West Coast waves getting bigger

This article, and one on the CBC last week, have been making news up north, but have gone virtually unnoticed in the press here. The science is showing change, no one can be totally sure why, but the results will be higher costs for us as taxpayers to protect roads and communities on the coast from wave action, especially at high tide.

2/8 Victoria Times Colonist
By Judith Lavoie, Victoria Times Colonist

VICTORIA — West Coast waves are getting bigger, meaning greater threats of flooding or coastal erosion during storms, according to a new study.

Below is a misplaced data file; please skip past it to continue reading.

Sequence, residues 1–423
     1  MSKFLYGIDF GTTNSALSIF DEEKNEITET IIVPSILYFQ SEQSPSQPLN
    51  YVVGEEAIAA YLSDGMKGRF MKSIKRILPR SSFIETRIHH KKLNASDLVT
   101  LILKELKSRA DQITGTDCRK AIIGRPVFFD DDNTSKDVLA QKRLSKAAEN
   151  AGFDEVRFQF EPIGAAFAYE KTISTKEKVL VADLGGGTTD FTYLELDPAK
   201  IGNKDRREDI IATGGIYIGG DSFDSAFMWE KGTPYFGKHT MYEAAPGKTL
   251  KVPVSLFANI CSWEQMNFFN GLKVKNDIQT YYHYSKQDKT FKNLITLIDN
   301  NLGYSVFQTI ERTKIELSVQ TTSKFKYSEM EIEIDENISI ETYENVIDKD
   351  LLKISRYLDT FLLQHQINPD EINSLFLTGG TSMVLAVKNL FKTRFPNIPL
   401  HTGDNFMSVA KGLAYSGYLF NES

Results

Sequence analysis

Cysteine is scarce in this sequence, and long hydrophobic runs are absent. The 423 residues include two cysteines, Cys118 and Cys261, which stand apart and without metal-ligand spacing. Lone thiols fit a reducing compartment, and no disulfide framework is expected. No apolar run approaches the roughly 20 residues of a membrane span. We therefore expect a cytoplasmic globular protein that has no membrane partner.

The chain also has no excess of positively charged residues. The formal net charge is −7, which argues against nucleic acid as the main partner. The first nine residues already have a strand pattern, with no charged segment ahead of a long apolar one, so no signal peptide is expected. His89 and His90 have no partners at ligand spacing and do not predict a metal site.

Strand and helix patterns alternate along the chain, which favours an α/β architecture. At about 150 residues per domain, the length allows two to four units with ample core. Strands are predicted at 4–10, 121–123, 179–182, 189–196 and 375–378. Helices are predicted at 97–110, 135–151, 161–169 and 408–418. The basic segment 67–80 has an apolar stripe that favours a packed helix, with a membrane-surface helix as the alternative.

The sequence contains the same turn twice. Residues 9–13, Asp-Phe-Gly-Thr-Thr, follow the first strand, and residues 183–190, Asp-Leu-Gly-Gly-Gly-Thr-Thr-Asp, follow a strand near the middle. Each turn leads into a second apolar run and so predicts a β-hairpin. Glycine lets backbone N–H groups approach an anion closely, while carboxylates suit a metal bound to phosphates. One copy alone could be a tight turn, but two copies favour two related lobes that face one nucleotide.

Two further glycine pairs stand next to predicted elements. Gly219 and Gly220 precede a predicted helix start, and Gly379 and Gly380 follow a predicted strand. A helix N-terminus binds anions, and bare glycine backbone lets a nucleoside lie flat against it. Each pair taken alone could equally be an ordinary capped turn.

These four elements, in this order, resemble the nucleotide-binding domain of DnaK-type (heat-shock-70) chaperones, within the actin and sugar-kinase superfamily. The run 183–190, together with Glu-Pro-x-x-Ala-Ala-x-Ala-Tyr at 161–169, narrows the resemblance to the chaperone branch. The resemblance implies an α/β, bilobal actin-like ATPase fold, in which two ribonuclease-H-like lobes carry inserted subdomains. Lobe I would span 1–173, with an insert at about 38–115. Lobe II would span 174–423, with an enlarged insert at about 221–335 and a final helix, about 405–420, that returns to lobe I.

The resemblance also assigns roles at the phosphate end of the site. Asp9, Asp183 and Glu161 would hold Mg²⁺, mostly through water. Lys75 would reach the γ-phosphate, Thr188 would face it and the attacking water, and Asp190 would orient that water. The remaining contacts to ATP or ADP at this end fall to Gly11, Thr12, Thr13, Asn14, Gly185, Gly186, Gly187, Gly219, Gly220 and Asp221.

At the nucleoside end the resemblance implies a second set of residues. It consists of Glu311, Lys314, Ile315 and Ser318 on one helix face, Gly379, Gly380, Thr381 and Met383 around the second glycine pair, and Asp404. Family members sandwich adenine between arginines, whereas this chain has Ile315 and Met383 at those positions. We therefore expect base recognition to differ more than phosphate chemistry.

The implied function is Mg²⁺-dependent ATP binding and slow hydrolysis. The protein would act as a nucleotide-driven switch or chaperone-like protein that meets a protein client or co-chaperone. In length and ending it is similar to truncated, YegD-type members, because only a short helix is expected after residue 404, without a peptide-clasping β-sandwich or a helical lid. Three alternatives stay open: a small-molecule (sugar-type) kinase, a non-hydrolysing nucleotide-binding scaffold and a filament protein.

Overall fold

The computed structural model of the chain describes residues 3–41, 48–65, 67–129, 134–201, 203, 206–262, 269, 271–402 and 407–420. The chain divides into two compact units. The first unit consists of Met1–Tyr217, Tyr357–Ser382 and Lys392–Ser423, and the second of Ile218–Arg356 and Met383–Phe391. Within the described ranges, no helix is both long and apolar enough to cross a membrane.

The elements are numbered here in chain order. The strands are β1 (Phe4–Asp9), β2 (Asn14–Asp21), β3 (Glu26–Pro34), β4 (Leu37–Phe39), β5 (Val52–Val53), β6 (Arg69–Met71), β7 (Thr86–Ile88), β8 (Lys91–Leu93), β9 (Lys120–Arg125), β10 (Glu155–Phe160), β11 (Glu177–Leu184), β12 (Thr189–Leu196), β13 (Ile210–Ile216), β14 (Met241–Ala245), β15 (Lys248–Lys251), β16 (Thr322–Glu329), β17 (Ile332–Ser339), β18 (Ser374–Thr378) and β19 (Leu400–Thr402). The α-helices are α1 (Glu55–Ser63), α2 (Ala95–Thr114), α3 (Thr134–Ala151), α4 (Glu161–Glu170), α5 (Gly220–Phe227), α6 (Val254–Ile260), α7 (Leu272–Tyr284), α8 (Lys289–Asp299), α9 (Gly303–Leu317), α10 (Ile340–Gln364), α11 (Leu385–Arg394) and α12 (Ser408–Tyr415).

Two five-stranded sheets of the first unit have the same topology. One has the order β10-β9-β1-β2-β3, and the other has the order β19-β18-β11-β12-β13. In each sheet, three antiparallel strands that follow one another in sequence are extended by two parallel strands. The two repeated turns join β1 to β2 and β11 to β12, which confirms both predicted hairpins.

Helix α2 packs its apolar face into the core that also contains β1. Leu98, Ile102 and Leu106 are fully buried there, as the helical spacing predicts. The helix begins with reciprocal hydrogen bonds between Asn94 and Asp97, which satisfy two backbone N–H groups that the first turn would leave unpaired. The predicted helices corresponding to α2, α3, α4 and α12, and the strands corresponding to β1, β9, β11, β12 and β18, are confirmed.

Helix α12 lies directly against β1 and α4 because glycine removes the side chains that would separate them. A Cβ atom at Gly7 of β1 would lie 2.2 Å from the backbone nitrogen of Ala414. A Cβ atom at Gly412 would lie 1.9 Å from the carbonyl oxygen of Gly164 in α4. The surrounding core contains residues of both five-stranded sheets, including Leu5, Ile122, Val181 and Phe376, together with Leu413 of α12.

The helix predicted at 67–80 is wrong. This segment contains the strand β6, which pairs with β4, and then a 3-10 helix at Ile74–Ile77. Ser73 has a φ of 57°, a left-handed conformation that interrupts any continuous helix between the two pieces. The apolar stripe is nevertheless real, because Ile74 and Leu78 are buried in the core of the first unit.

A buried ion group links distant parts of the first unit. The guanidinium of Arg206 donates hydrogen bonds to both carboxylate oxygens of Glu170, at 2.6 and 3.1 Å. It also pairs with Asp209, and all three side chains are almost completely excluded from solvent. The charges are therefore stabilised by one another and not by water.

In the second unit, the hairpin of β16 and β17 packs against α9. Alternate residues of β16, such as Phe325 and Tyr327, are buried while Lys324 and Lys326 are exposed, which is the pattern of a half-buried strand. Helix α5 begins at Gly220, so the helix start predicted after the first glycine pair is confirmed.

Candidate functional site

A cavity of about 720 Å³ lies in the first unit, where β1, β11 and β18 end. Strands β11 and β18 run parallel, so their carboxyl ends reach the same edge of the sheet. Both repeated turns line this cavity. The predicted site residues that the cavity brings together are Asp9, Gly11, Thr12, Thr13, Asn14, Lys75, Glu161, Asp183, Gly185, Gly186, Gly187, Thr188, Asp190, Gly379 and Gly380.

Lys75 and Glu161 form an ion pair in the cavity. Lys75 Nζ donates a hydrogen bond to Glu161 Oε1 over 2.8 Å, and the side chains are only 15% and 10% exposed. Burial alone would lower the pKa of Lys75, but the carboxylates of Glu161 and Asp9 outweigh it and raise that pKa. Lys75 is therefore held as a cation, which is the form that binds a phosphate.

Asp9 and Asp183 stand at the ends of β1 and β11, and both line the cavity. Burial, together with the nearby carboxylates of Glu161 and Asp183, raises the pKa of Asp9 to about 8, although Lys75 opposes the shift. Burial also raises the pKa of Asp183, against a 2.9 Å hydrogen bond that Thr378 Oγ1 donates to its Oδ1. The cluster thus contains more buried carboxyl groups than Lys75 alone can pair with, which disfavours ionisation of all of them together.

The research, using data from buoys that have been in place off the coast of Oregon since the 1970s, was published in the journal Coastal Engineering.

Scientists from Oregon State University and the Oregon Department of Geology and Mineral Industries found coastal waves have been increasing by about 2.5 centimetres a year and storm waves by 10 centimetres a year. The difference in storm waves translates to a three-metre rise from 30 years ago.

But the biggest difference will be seen in projected 100-year wave events, said Peter Ruggiero, assistant professor in the university’s department of geosciences and one of the study’s authors.

The highest waves might now reach 15 metres compared with 10 metres in 1996, the study said.

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